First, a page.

Introduction. Underpinned by the understanding that behaviour change requires a conceptualisation of both individual and social determinants, there is a growing interest in exploring social practice theory to address a range of harmful behaviours. As social practice theory is yet to be developed in physical activity (PA) research, the purpose of this study was to investigate how it could be utilised in the context of understanding children’s PA in primary schools. The three-elements model consisting of materials, competences and meanings was used to frame our approach. Methods. Focus group, survey, observation, and interview data were collected with pupils, staff, and parents at one primary school setting in England. Analysis involved identifying physically active practices which comprise the school PA culture and thematically coding those practices using the three-elements model. Findings. Analysis revealed how seven clusters of physically active practices throughout the school day were sustained by and interrupted by the configurations of (1) physical resources (e.g. playground space and equipment), (2) practical know-how (e.g. a skilled understanding of performing the activity), and (3) the socio-cultural significance of those practices (e.g. the values and meanings of the activity). Findings also illuminate how physically active practices are contingent on whether conflicting or complementary social practices exist. In this way, practices such as walking to school were sustained by the complimentary practices involved with ‘doing’ parenthood. Conclusion. Social practice theory offers new ways of conceptualising PA in schools and may help identify opportunities and frameworks for simultaneous policy, school and individual level interventions.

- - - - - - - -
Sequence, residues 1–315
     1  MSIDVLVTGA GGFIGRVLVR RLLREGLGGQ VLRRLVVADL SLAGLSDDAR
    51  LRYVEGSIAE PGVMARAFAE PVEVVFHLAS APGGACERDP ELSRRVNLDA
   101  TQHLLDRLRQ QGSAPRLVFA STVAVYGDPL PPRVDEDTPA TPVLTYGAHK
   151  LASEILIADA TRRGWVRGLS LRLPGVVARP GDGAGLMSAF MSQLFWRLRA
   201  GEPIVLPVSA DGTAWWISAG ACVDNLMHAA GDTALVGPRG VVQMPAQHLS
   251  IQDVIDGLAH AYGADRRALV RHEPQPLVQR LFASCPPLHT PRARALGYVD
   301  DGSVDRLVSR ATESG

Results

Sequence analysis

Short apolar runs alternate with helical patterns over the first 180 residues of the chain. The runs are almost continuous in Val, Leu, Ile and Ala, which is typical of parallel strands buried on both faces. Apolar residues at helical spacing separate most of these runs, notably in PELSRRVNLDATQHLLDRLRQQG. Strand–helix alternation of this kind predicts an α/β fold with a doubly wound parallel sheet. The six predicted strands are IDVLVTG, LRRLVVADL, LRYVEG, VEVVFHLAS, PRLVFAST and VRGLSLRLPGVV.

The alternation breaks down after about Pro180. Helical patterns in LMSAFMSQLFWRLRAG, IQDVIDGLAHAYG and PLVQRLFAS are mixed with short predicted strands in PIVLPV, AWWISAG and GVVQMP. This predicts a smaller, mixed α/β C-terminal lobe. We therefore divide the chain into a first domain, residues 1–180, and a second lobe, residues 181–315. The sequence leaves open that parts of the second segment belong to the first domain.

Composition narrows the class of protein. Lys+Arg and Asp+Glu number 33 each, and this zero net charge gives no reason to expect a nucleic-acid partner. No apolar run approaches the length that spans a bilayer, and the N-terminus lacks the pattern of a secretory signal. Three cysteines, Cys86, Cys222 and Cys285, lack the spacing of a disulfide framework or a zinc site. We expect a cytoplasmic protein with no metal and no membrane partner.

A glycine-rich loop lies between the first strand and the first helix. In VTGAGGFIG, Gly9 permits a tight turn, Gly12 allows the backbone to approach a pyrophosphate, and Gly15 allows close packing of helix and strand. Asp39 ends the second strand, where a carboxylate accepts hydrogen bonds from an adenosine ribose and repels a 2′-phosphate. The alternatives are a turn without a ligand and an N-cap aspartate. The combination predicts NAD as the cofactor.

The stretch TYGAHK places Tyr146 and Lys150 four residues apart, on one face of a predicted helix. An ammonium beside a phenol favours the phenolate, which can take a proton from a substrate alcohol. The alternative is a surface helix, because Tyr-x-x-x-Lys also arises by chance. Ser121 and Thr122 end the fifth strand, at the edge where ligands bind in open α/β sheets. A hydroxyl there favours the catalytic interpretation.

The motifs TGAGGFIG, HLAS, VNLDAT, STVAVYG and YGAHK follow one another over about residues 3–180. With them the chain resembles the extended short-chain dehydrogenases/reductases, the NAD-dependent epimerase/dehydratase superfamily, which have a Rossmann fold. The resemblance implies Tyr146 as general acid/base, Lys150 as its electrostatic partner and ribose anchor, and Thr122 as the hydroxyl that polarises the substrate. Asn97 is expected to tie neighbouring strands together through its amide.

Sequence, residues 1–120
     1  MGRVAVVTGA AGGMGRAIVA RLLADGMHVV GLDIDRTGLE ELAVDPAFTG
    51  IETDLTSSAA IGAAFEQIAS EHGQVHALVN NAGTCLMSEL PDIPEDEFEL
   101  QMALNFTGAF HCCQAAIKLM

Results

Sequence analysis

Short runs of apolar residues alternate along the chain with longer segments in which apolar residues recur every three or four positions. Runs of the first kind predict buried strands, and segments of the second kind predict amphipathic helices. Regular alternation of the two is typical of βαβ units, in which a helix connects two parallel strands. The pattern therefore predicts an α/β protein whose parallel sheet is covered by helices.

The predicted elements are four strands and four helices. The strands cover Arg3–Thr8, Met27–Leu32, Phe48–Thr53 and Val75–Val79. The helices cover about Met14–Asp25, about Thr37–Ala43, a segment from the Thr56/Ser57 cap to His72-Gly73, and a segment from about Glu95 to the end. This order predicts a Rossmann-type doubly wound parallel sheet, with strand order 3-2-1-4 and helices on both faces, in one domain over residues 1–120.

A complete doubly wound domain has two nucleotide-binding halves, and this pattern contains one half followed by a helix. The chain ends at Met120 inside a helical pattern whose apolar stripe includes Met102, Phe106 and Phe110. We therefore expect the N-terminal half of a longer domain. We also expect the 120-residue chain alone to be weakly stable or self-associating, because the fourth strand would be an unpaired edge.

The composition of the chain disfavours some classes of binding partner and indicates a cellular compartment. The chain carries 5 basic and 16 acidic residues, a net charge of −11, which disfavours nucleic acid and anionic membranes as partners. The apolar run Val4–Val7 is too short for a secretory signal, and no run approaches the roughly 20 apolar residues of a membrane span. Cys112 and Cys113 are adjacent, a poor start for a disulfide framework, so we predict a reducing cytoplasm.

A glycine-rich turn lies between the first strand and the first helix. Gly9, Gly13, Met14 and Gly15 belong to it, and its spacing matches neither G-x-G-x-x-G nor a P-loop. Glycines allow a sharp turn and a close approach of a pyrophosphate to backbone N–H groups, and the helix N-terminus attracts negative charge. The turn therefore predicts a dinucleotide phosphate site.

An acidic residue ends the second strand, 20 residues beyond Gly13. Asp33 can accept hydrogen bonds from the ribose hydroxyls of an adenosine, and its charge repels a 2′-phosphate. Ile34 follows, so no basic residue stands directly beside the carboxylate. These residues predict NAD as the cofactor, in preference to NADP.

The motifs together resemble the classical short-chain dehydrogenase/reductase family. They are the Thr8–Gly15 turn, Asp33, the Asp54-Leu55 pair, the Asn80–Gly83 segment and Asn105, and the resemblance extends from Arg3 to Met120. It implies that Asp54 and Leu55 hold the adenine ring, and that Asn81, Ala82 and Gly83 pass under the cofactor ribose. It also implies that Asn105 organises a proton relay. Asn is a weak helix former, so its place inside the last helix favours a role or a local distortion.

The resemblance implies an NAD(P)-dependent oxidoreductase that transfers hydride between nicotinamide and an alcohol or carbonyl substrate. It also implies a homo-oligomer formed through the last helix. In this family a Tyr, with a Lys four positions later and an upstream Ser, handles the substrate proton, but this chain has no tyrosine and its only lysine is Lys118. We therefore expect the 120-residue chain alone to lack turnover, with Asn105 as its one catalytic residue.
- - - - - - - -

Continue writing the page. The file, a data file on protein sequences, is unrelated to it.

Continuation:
|Publication status||Acceptance date - 2018|